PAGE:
Today’s blog is a Guest Blog by Charlotte dentist Dr. Charles Payet. Since 1999, Dr. Payet has been the sole dentist & owner of Smiles by Payet Dentistry at the corner of Park Rd. & Abbey Place in Charlotte. He earned a dual B.A. in Biology & German at UNC Chapel Hill in 1994 and his DDS at the UNC Chapel Hill School of Dentistry in 1998. He and his wife, Fara (who runs the office most capably) met in Charlotte in 2005 and married here in 2006. They have 2 daughters, 2 dogs, and live in south Charlotte. You can follow Dr. Payet and his practice on Twitter and Facebook.
Let’s see…what day is today? Monday? Friday? Sat-wed-sun-day? Oh hell, it doesn’t matter, because without getting to work on patients, they all blend together. Not because of alcohol, but as a dentist, who doesn’t bear the responsibility for the business side of my practice, I don’t have a way to tell the difference. My wife handles all that stuff. Normally it’s a great division of labor, but not so much at the moment.
We closed our office just after lunchtime on Monday, March 16th. I’d followed the news from Italy closely over that weekend and could see what was coming to the US. It was a hard decision, because as a small business, neither our employees nor we get paid if we aren’t working. No patients = no revenue, so how would we pay the rent, our office and equipment loans, and accounts payable already incurred the previous month? What would our employees do? What could we do for them? There was (and even now still is) so much uncertainty surrounding the supplemental unemployment insurance for them, the loan possibilities for the office, etc. Would our mortgage lender let us defer payments? Online applications frequently crashed; my wife was on hold for hours trying to reach our lenders and vendors about deferments and extending/increasing lines of credit, only to be suddenly cut off.
We’re still waiting for the $10,000 EIDL loan to arrive to our account. The Paycheck Protection Program though? Well, we decided to wait on applying for that, as we didn’t want to be forced to hire our team back, if we still don’t know when we can open. As of Thursday, April 17th, that fund has been fully used up, and Congress is in recess, so no one knows what will happen next for small businesses like ours, which hadn’t yet applied for, or received, any money.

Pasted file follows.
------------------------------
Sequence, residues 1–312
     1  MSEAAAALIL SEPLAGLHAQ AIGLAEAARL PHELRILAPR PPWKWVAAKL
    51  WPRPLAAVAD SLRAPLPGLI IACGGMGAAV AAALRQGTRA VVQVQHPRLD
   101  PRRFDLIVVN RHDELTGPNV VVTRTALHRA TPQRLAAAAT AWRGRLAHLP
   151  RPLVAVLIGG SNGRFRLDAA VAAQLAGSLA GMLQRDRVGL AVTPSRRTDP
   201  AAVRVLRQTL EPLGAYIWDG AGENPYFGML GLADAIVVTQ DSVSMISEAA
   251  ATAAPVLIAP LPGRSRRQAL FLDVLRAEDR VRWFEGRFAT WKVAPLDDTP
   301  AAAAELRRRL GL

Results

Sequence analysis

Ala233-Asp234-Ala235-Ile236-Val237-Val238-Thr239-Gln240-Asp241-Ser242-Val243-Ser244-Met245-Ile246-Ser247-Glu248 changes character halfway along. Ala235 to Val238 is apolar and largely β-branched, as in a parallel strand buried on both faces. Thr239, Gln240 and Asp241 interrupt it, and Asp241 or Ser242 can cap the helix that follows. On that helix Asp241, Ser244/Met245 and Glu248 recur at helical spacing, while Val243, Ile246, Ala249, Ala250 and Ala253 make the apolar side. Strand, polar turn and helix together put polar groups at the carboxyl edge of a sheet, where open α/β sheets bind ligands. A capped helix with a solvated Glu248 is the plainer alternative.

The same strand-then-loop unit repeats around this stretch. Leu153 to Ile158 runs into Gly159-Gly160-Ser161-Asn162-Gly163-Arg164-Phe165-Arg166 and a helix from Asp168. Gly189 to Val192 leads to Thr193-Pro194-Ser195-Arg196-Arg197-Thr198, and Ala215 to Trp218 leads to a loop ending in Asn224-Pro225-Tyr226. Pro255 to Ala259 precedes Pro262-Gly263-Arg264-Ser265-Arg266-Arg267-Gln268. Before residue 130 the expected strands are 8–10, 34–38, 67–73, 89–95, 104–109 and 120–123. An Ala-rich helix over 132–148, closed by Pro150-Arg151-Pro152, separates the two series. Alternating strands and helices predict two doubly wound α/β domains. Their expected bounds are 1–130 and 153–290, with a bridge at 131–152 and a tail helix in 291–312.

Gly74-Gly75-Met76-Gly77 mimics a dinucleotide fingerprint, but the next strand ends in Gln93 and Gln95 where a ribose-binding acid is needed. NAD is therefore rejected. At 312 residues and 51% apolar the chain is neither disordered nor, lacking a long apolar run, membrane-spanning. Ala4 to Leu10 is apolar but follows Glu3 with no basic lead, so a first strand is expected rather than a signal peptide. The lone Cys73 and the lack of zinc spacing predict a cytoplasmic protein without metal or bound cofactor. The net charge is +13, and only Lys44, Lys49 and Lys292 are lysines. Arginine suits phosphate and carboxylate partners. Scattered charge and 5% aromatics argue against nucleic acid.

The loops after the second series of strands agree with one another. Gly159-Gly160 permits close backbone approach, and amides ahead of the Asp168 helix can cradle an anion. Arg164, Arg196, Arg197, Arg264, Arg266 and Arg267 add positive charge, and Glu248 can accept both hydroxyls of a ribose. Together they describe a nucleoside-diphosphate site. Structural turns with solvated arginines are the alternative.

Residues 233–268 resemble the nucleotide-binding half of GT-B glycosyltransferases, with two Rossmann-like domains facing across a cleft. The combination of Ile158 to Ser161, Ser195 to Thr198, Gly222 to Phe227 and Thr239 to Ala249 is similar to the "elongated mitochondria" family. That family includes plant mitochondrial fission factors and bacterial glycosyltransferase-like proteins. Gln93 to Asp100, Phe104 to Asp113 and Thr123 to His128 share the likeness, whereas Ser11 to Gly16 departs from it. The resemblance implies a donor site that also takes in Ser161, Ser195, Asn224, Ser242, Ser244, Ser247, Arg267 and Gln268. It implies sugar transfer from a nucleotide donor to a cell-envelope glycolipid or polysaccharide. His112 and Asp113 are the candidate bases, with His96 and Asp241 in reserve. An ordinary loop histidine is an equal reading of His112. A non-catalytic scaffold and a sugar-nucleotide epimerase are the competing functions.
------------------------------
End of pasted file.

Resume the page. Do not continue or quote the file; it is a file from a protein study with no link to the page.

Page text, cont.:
I’ve seen 5-6 patients in the last month, and it’s frustrating. I love dentistry and helping people, but I can’t do that now. Like many dentists, I’m moderately Type A and thrive on the pressure of a full schedule of patients. I’m a general dentist, but with more than 1,800 hours of advanced training since graduation, I provide a variety of advanced surgical and prosthetic services, along with fillings, check-ups, cleanings, etc. At the moment, because we are unable to source adequate PPE for our team, and because of the unknowns surrounding COVID-19 transmission, we’re limited to life-threatening emergencies and writing prescriptions.
Relatively speaking, we have no right to complain about our situation. Thanks to my wife’s financial savvy, our personal financial situation is solid, even if we stay shut down for 5-6 months. We live in a beautiful home in a beautiful neighborhood, we’re all healthy, we have plenty of ways to entertain ourselves. This includes our newly adopted American English Coonhound, Hershey, whose youthful energy keeps us moving. We are admittedly privileged. Because of that, we’ve doubled our charitable donations to both local and national non-profits, focusing on groups that support those most in need.
One of the most frustrating feelings right now though, is the feeling of being useless and unable to help our physician colleagues. We dentists often get irritated by people calling us “not a real doctor.” After all, we do have to study most of the same basic medical subjects for the first 2 years of dental school. It doesn’t diverge greatly from medical school until year 3, when we begin caring for patients and start our rotations. But in following so many physicians on Twitter, and having joined a few COVID-19 related FB groups, I’ve realized just how little we do know of medicine. The terminology, diagnostic criteria, etc. are all radically different, especially when colleagues talk to each other. We all have to use layman’s language when speaking with patients, but when physicians talk among themselves, it’s all Greek to me. And even though I wish I could go volunteer at a hospital, I realize how useless I’d be. There’s not much worse for any type of doctor than the feeling of being useless and helpless.
So I do what I (and my family) can do: we stay home so we don’t get sick and burden the doctors and nurses of Charlotte’s hospitals even more. I do try to help counter misinformation online, but I get so frustrated by the ignorance that I lose my cool. That doesn’t help anyone.
So we play games, read books, read too much on Twitter & Facebook, walk our dogs and exercise, and try to maintain a semblance of normal sleep.
At least the setting and rising of the sun makes it easy to tell when one day ends and another day begins. Even if I still don’t know what day it is.